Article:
Join Date: Jul 2012
Re: Steffi Graf Admiration Thread Vol 2
U.S. Open Notebook : Graf Arrives--Too Bad It's on Martina's Court
September 06, 1985 | MIKE PENNER | LA Times Staff Writer
NEW YORK — Today's question of the day at the U.S. Open:
Who is Steffi Graf. . . . and what is she doing hanging out with Chris Evert Lloyd, Martina Navratilova and Hana Mandlikova in the semifinals of the women's division?
Until Wednesday, when she upset Pam Shriver in three tiebreakers, Graf very well may have rated as the best tennis player you've never heard of.
And there are reasons for that.
First is Boris Becker. Graf and Becker share the same homeland, and when Becker won Wimbledon, everything else in West Germany was pretty much rendered irrelevant--despite Graf's sensational summer.
Then there is Gabriela Sabatini. The 15-year-old Argentine has monopolized publicity as the top newcomer to the women's tour because of her youth, her movie-star looks and her semifinal breakthrough at the French Open. But ranked at No. 11 in the world, just one position behind Sabatini, is Graf, who turned 16 in June.
And guess who checked out of the U.S. Open in the first round while Graf was just getting warmed up for her run through the bottom half of the draw?
Ted Tinling, an observer of women's tennis for more than 50 years, sees six teen-agers forming the future of the sport--Czechoslovakia's Helen Kelesi, Bulgaria's Katerina Maleeva, Mary Joe Fernandez, Melissa Gurney, Sabatini and Graf.
"Of the six," Tinling says, "Sabatini has the most talent. But Graf will emerge as the top player because of her mental approach. By the third game of the first set, she knows exactly what it takes to win the match."
Some quick facts about Graf:
--Turned pro in 1982 and became the youngest female player ever to earn a computer ranking when she was No. 214 at 13.
--Won last year's tennis demonstration at the Olympics. At 15, she was the youngest player in the field.
--Beat Sabatini in their only 1985 meeting, a semifinal match last month at Mahwah, N.J.
--Has qualified for the fourth round or better in each of her last eight tournaments. She reached the final at Mahwah and the German Open, the semifinals at Delray Beach, Fla., and Hilton Head, S.C., the quarterfinals at Amelia Island, S.C., and the fourth round at Wimbledon and the French Open.
Today, she makes her first appearance in the semifinals of a Grand Slam event. Her opponent will be Navratilova, the U.S. Open's two-time defending champion.
Graf and Navratilova have never played before. Navratilova admits her scouting report on the 5-5 baseliner isn't extensive.
"I haven't even played doubles against her," Navratilova said following her 6-2, 6-3 victory over Zina Garrison. "She's a baseliner, so I would do pretty much the same as I did against Zina.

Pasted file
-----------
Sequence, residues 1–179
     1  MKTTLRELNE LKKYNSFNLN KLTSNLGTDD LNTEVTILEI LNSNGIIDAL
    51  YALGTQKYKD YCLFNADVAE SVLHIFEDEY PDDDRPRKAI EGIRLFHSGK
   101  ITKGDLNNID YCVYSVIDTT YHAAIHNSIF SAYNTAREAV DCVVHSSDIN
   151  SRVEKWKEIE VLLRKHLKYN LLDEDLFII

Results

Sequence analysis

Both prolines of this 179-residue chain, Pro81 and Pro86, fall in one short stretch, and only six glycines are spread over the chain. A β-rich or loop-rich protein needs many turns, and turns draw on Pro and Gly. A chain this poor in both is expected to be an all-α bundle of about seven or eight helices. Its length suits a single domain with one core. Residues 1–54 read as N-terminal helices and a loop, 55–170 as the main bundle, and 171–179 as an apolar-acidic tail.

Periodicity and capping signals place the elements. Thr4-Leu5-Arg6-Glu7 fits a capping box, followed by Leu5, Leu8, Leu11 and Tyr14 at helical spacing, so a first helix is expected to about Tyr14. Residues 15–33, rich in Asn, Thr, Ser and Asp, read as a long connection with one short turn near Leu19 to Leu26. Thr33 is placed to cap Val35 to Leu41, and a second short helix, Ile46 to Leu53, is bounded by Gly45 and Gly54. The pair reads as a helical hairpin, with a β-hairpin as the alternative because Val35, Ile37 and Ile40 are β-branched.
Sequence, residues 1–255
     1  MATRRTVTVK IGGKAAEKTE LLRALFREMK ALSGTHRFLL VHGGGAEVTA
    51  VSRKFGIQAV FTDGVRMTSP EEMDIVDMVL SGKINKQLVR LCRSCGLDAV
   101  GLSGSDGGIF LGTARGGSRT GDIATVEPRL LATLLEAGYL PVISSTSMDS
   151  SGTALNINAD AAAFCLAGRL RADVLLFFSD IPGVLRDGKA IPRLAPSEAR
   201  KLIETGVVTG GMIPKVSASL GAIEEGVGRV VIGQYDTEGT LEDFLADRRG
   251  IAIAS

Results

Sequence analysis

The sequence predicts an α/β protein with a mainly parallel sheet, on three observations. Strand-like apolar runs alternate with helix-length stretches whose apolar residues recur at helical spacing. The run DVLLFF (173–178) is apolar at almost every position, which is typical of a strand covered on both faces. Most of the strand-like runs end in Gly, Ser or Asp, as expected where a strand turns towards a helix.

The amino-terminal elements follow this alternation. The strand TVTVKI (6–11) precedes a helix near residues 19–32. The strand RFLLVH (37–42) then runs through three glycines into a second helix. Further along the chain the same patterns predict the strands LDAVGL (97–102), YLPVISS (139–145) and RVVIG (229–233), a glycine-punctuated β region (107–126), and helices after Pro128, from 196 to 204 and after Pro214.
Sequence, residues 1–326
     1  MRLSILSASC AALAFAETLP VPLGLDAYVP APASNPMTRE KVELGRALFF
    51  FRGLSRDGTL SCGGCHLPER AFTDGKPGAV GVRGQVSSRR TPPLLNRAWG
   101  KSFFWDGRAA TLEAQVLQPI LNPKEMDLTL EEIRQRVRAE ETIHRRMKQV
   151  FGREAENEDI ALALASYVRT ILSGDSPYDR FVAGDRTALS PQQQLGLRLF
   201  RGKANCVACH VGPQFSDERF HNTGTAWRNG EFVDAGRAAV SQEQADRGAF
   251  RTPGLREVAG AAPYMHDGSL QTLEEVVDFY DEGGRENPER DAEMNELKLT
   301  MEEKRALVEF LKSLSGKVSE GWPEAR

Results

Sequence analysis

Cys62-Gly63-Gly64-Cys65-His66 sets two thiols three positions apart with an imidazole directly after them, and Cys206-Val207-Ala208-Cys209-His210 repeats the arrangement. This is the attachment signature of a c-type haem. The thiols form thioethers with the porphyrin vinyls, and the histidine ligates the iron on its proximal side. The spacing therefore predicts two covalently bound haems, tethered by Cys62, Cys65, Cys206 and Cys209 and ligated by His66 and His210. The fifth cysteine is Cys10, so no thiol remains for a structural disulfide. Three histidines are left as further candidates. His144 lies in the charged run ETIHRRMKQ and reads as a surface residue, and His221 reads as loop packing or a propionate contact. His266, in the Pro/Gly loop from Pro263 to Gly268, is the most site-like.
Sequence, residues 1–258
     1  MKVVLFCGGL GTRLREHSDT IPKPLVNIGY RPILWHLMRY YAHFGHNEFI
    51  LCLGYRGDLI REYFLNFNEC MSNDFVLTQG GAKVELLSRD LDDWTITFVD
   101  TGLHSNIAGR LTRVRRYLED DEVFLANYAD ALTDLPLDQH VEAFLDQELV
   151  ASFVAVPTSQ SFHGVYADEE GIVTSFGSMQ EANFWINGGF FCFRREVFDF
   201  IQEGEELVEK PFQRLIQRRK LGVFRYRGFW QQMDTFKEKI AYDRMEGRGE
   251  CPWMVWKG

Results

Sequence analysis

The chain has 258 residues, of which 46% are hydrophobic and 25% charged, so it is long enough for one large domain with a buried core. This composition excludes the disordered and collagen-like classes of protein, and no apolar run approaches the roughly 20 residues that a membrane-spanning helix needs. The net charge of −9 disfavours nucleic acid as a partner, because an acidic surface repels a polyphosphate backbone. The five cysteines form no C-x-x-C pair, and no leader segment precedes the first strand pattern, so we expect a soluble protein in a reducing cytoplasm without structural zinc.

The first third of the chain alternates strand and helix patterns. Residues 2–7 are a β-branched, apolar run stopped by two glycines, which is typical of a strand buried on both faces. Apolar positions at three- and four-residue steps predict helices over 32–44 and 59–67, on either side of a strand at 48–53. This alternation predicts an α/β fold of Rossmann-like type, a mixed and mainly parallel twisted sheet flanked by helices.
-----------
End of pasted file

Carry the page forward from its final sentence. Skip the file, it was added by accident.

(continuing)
"Her serve, I don't know how good it is or how much I would come in on it. But I would expect the same kind of match, hopefully, that I had against Zina. She'll probably be more nervous than I am because she's never been there and it will be all new for her."
In today's other women's semifinal, Lloyd will face Czechoslovakia's Mandlikova. Past performance would appear to indicate another mismatch.
Lloyd owns an 18-3 career advantage over Mandlikova, having won 14 of their last 15 meetings. In Grand Slam confrontations, Lloyd has a 9-1 edge.
Although Mandlikova has been extended to three sets just once in the first five rounds here, her countrywoman Helena Sukova says Mandlikova will have to raise her play another level to have a chance against Lloyd.
"I think that she'll have to improve a little more," Sukova said after losing to Mandlikova in the quarterfinals. "This will be her big chance. She'll have to play a little better."
"She's right," Mandlikova said Tuesday. "I have to serve better. I have to return better. But I have two days to work on it and that's good."
As Sukova said, this is Mandlikova's big chance--to win her first Grand Slam title since 1981 and to shed the "choke" label she has worn since that victory at the French Open.
"I think Hana's real sensitive about that now," Lloyd said. "I think she's a lot more consistent than people give her credit for."
John McEnroe's tirade during his men's quarterfinal victory over Joakim Nystrom Wednesday earned him $1,500 in fines for "verbal abuse."
The Men's International Professional Tennis Council fined McEnroe for two violations. One was his dispute over a line call ("a bonehead call," said McEnroe). The other was a comment made to tournament referee Bob Howe. Arguing about the placement of a courtside television microphone, McEnroe called Howe "an incompetent idiot."
The fine lifted McEnroe's total to $6,200 for the year. If he surpasses $7,500--as he did in 1984--McEnroe will draw an automatic suspension.
It could happen here. There are two rounds left.